SUNNYVALE, Calif., Oct. 20, 2014 /PRNewswire/ -- Spansion Inc. (NYSE: CODE), a global leader in embedded systems, today added 96 new products to the Spansion® FM4 Family of flexible microcontrollers (MCUs). Based on the ARM® Cortex®-M4F core, the new MCUs boast a 200 MHz operating frequency and support a diverse set of on-chip peripherals for enhanced human machine interfaces (HMIs) and machine-to-machine (M2M) communications. The rich set of periphera...
|By Liz McMillan||
|November 15, 2012 12:00 PM EST||
With the common theme in today's security management conversations being "your security will fail" and "expect to be breached," there's no question that there has been increased interest in the area of incident response. The industry is realizing that the addition of regulations, people, or even product features, is not going to cut it - a next generation incident response offering is needed.
To get a view of what the next-generation incident response solution might look like, Web Security Journal sat down with entrepreneur and life-long incident response veteran, Joseph Loomis, a cooperative member with the FBI and DEA's divisions on Cybercrime and founder and CEO of Phoenix-based CyberSponse.
WSJ: Tell us a little bit about yourself - why does incident response interest you enough to start a company that appears to be all IR all the time?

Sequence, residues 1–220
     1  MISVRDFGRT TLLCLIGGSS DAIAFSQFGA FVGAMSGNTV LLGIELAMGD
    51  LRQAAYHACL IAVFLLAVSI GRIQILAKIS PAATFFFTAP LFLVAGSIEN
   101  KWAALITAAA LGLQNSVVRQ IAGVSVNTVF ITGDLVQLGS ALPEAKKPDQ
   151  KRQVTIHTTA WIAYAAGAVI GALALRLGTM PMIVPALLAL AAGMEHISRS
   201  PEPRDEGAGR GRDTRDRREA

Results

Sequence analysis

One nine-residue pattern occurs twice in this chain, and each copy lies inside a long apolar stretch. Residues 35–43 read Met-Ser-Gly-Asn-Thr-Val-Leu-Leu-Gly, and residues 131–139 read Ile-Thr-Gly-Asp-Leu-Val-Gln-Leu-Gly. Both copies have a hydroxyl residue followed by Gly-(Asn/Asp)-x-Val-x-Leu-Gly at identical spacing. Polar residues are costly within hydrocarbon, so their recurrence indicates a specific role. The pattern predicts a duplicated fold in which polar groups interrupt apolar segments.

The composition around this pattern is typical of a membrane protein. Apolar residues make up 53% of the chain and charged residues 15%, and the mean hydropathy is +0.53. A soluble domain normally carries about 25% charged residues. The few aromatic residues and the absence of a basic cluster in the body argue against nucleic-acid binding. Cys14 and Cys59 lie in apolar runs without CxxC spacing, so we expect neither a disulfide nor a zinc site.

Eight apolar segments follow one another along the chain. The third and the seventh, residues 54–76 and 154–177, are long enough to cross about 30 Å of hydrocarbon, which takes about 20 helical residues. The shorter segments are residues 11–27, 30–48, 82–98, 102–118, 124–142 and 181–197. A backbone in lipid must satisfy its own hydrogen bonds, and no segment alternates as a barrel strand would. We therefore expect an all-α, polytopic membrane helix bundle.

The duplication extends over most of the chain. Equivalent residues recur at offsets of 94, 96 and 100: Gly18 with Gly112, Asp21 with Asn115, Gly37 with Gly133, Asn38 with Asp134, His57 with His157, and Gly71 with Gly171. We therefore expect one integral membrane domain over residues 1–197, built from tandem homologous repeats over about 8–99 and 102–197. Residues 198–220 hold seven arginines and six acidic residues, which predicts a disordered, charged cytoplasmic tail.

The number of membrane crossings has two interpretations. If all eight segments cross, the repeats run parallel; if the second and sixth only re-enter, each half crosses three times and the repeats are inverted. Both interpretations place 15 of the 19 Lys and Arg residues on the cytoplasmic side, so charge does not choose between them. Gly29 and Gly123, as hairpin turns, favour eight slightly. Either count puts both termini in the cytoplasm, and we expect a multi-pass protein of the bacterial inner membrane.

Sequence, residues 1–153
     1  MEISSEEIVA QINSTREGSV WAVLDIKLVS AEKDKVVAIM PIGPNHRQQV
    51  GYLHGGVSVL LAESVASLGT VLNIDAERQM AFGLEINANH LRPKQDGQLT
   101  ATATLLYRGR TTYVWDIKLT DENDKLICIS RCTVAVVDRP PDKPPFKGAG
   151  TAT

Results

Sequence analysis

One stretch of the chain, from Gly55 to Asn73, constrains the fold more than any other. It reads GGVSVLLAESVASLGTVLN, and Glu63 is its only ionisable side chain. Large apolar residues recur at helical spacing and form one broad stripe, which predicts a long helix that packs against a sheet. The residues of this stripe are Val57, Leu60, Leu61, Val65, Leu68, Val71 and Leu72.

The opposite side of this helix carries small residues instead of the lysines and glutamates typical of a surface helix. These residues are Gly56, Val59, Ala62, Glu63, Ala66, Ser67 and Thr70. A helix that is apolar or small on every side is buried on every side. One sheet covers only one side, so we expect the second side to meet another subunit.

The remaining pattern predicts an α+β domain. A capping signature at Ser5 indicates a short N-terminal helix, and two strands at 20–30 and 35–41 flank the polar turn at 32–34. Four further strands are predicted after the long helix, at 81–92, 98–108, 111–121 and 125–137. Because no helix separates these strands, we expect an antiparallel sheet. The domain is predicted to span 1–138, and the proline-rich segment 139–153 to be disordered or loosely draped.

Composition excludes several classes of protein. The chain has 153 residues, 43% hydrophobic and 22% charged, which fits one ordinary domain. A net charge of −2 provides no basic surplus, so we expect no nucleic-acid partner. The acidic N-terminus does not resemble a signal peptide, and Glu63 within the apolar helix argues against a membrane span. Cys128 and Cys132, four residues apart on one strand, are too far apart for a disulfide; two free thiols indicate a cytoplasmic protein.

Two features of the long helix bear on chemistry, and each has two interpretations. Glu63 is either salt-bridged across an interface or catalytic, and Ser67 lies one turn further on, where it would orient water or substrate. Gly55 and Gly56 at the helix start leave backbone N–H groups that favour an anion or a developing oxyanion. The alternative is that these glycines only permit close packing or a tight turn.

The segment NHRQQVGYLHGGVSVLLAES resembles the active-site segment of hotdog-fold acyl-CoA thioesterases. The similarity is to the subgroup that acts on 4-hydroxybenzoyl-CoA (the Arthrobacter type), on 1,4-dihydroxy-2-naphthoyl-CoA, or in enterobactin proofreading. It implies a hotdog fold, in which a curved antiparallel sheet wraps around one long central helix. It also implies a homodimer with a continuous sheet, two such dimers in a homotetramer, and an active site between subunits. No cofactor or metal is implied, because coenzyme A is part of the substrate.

Joseph Loomis: The desire to help people and businesses in need is in my bones. In fact, my experience with incident response goes all the way back to my childhood days when my father and his friends saw a gap in community protection and emergency "incident" response, and in turn created an entirely new fire department for our town. What I saw was that most people aren't aware that nearly every medical emergency - even if not fire related - is responded to by the fire department. My father and his friends came up with their own incident response program - they saw the need and made it a reality. They took the bull by the horns, figured it out, and worked on it until they got it right. Watching them, I repeatedly got to see how people responded during traumatic/chaotic events.
Like my father, I too served six years in the military, an experience that allowed me to help individuals, organizations, and countries alike. Shortly after completing my service with the armed forces and attending the University of Florida for Electrical Engineering, I was working for an electronics manufacturer in California. While working as the director of engineering, I saw the need for businesses to protect their assets in the online world. In response to this need, I founded NetEnforcers, a company chartered with protecting online brands and intellectual property. After successfully growing the company and securing customers like Apple, Microsoft, Cisco, Samsung, LG and Pfizer, I sold NetEnforcers, both debt-free and very profitable. Soon after, I began to look for the next area where I could help the world become a better place.